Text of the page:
A Wife’s Credentials (2012) poster

Details

  • Drama: A Wife’s Credentials
  • Country: South Korea
  • Episodes: 16
  • Aired: Feb 29, 2012 - Apr 19, 2012
  • Aired On: Wednesday, Thursday
  • Original Network: jTBC
  • Duration: 1 hr. 5 min.
  • Genres: Romance, Drama, Family, Melodrama
  • Tags: Infidelity
  • Rating: 15+ - Teens 15 or older

Statistics

  • Score: 8.2 (scored by 210 users)
  • Ranked: #1480
  • Popularity: #3375
  • Watchers: 955

Weekly MyDramaList Support Goal

17%
Help Support MyDramaList

Top Contributors

7 edits
2 edits
2 edits
1 edit

Popular Lists

Related lists from users

Recently Watched By

Completed
Reavel
23 people found this review helpful
Mar 9, 2013
16 of 16 episodes seen
Completed 0
Overall 9.0
Story 10
Acting/Cast 10
Music 1.0
Rewatch Value 4.0
This review may contain spoilers
I don't even know if I can say this is a review... but anyways.

Story:
It is a slow and sad drama but very powerful and haves a great story if you are willing to watch it.

We all know from other dramas and stories we read on the net about how hard is the education system in Korea and the contest between students to take higher places but this is not from the kids view here the point of view is from the parents perspective.

As the drama moves on you will notice that they main subjects are:

- The high expectation a family haves on their kids and their education and how it affects the family itself and even the neighborhood. Not your regular school drama this is just about the parents way of seen education and what they are capable to do to get what they want from it. (risks & consequences)

- The behavior, sacrifices and attitude society expect from you as a mother, wife, housewife and a woman in a family or neighborhood.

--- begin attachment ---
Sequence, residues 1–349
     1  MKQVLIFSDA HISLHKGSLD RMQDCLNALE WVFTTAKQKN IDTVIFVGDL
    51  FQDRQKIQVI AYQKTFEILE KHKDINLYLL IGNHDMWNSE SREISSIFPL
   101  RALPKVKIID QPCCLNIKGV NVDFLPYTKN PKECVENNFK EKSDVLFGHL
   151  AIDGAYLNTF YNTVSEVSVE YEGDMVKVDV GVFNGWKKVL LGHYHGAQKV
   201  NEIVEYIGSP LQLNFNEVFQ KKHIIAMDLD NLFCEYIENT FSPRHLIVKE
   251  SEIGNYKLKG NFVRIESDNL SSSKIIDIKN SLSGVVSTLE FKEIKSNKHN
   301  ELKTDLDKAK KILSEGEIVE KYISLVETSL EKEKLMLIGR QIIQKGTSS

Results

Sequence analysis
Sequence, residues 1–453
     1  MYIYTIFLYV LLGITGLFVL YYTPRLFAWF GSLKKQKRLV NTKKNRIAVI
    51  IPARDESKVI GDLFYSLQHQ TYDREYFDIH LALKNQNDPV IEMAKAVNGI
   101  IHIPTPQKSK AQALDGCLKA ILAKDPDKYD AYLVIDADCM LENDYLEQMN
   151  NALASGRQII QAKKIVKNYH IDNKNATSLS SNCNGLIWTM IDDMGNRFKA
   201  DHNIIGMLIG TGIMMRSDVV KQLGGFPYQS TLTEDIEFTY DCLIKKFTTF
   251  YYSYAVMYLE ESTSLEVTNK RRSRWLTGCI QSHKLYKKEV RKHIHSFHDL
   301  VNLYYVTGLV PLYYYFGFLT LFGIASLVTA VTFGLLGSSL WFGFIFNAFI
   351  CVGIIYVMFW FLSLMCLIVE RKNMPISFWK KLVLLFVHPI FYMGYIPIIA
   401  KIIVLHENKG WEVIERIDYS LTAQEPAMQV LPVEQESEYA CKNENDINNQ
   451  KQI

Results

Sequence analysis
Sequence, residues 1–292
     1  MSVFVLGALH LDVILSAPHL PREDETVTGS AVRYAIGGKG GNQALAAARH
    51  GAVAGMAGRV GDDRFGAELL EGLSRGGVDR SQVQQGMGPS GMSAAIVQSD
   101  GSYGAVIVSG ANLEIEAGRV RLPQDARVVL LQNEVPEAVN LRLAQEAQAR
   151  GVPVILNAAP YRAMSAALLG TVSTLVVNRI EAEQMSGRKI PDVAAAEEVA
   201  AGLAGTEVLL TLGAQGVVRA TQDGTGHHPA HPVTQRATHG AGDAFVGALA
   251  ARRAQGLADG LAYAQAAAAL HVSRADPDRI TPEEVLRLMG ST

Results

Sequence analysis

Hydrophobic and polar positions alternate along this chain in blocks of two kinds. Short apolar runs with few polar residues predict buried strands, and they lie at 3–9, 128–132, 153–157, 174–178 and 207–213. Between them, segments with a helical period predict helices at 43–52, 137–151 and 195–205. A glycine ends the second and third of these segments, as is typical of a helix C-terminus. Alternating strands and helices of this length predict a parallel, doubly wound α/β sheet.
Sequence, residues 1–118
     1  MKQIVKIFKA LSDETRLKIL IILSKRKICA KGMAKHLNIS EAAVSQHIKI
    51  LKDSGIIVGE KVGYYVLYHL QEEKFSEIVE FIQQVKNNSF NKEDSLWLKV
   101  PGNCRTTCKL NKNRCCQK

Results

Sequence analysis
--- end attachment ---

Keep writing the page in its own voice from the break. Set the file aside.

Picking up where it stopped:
Many other themes are discussed on the drama too: infidelity runs along the WHOLE drama, money, greed, addiction to gambling, humiliation, depression, suicide, bullying, sexual harassment, power, in-laws, values, moral and secrets (LOTS OF THEM).

Acting/Cast:
The acting is spot on. The housewife is played by Kim Hee Ae and I couldn't believe she is the same person that play the extremely powerful Machiavellic leading lady on Midas.Here she is the opposite. She doubts and fears everything. She is an amazing actress got me believing her story it was the real thing the whole drama. Gyeol (housewife son ) was played by Im Je No and he was brilliant. A kid becoming forcefully an adult while keeping his innocence that is what I saw. The rest of the cast... all great actors... I ended having strong feelings for them. (don't want to give you spoilers)

Music:
The music it was mellow kind of indie music. I didn't pay too much attention cause I just wanted the drama to keep on and get resolved. I was really into the story and outcome. Got carried away.

Rewatch:
No. I don't think so. I ended all upset on some episodes... but it gets better. The bad. then good. Still once is enough. Just watch it at least once.

Overall:
I liked it and glad that I watched it. It helped me see/understand more the education issue in Korea and how it affects the values and believes of society. I saw infidelity different layers, acceptance and point of views or aspects in Korea. At some point the issues left me feeling confused to the point of been kind of disturbing. It help me appreciate the freedom I had when I was a student and the freedom I've as a woman.

The last episodes where so good that I didn't even noticed when I got to the last one. And was like OMG this is the end so fast? If you watch it you will understand. It might sound all sad but it haves it's really "funny" good parts. It is NOT a cheesy, action, kisses or tears drama. There is a love story but is not your typical romance. This drama is FULL of real life issues. It is a drama to think and study our humanity and meditate on how we value the people around us and life.

Hope this helps.

Read More